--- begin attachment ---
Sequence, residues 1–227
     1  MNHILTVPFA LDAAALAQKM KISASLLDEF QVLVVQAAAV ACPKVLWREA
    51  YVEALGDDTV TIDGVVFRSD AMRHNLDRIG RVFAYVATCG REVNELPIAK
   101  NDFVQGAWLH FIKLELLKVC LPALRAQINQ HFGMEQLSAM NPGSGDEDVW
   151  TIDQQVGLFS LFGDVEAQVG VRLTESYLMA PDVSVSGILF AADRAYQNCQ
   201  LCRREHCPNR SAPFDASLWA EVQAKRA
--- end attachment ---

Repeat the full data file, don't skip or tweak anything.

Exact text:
Sequence, residues 1–227
     1  MNHILTVPFA LDAAALAQKM KISASLLDEF QVLVVQAAAV ACPKVLWREA
    51  YVEALGDDTV TIDGVVFRSD AMRHNLDRIG RVFAYVATCG REVNELPIAK
   101  NDFVQGAWLH FIKLELLKVC LPALRAQINQ HFGMEQLSAM NPGSGDEDVW
   151  TIDQQVGLFS LFGDVEAQVG VRLTESYLMA PDVSVSGILF AADRAYQNCQ
   201  LCRREHCPNR SAPFDASLWA EVQAKRA